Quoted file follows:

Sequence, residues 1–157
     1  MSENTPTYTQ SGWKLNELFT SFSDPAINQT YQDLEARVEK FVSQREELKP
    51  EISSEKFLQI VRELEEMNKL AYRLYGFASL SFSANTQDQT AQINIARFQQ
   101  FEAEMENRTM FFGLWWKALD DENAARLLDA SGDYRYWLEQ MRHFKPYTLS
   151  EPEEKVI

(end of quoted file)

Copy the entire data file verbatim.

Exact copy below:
Sequence, residues 1–157
     1  MSENTPTYTQ SGWKLNELFT SFSDPAINQT YQDLEARVEK FVSQREELKP
    51  EISSEKFLQI VRELEEMNKL AYRLYGFASL SFSANTQDQT AQINIARFQQ
   101  FEAEMENRTM FFGLWWKALD DENAARLLDA SGDYRYWLEQ MRHFKPYTLS
   151  EPEEKVI